By Anindita Ghosh
This e-book re-examines 'everyday resistance', gender and gear throughout the lens of women's studies in colonial South Asia. relocating clear of trained and striking figures and drawing on various unconventional sources, it finds a story of deep and enduring resistance provided through much less outstanding ladies of their day-by-day lives.
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Additional info for Behind the Veil: Resistance, Women and the Everyday in Colonial South Asia
Ranade, and Pherozeshah Mehta, who were elite representatives on legislative bodies, were in a position to influence and bring about change in the laws governing urban civic life. They used their influence to mitigate hardship among the lower classes. 61 In many of the instances detailed above it is observable that women of all classes—upper, middle, or lower—resisted the encroachment of their menfolk or/ and the state where they perceived it to be unjust and actively made claims. 59 Native Opinion, 9 March 1878, NNR.
The transformative abilities and the functions of the project of women’s resistance remains in doubt here. See Kumar, op. , p. 13. 13 26 FROM THE SYMBOLIC TO THE OPEN possible by women? Some of these issues can be better answered if we begin to define ‘women’s resistance’ and also if the right kind of questions are asked of women’s resistance and these lie in the context/s and conditions of her being; the role of the resister, the deliberation of her action and its impact, to which I will turn to now.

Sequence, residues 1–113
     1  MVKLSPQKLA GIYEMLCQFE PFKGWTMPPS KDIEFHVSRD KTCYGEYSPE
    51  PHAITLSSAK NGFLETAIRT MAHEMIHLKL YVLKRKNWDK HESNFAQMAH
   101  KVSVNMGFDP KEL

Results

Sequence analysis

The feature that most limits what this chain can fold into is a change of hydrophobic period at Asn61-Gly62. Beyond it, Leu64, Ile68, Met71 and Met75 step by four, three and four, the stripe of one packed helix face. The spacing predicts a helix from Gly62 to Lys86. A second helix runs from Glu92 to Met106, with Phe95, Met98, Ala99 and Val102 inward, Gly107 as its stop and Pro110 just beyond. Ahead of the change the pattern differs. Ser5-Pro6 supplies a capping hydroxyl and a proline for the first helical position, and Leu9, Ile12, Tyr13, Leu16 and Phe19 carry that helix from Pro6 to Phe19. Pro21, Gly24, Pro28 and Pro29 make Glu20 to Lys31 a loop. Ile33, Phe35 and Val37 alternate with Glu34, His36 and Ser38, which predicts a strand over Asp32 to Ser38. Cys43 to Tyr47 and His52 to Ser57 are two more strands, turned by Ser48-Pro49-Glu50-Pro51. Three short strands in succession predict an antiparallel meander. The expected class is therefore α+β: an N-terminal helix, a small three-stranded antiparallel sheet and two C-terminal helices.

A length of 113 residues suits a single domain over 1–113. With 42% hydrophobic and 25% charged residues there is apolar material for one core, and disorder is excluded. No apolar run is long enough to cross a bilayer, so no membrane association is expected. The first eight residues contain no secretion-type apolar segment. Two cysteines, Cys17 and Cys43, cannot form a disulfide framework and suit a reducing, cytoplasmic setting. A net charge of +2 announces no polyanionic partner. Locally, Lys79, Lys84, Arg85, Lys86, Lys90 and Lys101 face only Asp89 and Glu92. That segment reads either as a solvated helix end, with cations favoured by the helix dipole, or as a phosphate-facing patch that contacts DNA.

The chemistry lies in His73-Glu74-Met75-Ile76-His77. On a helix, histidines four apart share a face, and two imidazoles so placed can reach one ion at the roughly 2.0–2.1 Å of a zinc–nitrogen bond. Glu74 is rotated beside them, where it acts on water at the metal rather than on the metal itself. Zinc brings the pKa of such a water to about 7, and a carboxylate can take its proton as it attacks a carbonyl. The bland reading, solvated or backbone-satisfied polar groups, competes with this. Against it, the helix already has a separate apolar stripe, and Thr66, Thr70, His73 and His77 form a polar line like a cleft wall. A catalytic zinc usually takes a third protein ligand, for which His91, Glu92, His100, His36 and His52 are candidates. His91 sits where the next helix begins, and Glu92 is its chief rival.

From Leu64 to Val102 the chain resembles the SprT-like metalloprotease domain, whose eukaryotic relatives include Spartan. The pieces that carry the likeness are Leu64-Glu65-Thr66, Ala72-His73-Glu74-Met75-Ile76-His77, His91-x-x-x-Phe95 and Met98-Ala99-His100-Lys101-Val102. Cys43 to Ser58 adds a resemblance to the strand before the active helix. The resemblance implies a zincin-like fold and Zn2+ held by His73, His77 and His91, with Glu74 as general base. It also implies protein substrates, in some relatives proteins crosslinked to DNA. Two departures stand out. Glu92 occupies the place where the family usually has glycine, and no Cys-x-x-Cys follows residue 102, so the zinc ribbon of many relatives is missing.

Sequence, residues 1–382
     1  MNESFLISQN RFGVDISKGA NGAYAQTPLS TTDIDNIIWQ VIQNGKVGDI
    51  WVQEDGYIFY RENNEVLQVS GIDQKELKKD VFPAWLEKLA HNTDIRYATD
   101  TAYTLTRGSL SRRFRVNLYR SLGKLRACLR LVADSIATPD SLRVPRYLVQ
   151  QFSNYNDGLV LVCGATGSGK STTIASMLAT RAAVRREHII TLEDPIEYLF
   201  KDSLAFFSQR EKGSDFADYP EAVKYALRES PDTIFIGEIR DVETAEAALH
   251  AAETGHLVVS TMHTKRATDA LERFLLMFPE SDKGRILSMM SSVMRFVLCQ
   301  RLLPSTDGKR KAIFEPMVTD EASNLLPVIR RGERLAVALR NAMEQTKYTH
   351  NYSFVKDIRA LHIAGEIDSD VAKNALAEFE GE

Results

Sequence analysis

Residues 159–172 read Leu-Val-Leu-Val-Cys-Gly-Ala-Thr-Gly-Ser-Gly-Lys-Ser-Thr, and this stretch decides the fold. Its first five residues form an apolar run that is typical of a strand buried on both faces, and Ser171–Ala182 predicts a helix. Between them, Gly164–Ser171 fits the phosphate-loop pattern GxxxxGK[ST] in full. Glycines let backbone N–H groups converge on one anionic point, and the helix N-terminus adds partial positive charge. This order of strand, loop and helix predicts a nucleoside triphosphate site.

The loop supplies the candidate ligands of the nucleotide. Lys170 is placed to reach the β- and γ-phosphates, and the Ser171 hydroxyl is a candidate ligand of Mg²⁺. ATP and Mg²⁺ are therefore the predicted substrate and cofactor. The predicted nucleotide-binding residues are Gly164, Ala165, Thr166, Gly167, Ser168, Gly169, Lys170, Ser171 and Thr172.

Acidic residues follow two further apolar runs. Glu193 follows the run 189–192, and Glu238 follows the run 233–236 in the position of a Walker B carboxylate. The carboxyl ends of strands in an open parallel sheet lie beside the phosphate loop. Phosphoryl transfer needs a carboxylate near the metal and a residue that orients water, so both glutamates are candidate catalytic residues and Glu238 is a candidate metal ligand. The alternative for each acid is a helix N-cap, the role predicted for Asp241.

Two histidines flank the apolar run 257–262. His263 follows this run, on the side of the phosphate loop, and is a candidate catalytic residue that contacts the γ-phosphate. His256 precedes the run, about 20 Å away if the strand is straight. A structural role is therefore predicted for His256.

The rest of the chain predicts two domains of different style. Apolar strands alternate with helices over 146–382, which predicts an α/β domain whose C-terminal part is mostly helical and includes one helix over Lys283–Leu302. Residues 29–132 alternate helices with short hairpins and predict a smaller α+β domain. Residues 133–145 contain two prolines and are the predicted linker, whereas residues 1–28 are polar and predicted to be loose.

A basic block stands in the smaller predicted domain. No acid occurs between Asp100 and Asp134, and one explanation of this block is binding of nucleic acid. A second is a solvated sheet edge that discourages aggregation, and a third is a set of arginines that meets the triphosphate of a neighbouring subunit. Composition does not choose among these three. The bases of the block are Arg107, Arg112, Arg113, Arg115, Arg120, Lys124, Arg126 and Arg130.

Parvatibai Kunte’s petition, 22 December 1888, Bombay Education Proceedings, hereafter BEP, 1889, vol. 3559, no. 164, OIOC. 55 Doolumbee, on the other hand, whose husband had died after putting in twenty-three years’ service in the Satara police department, petitioned for an allowance because she was ‘childless, and alone and quite destitute for the means of support’. Quite a few petitions were by women demanding compensation for the loss of their husbands’ lives in the execution of public duties—for example while trailing rebellious Bhils or dacoits or from accidental killing by European soldiers.
Behind the Veil: Resistance, Women and the Everyday in Colonial South Asia by Anindita Ghosh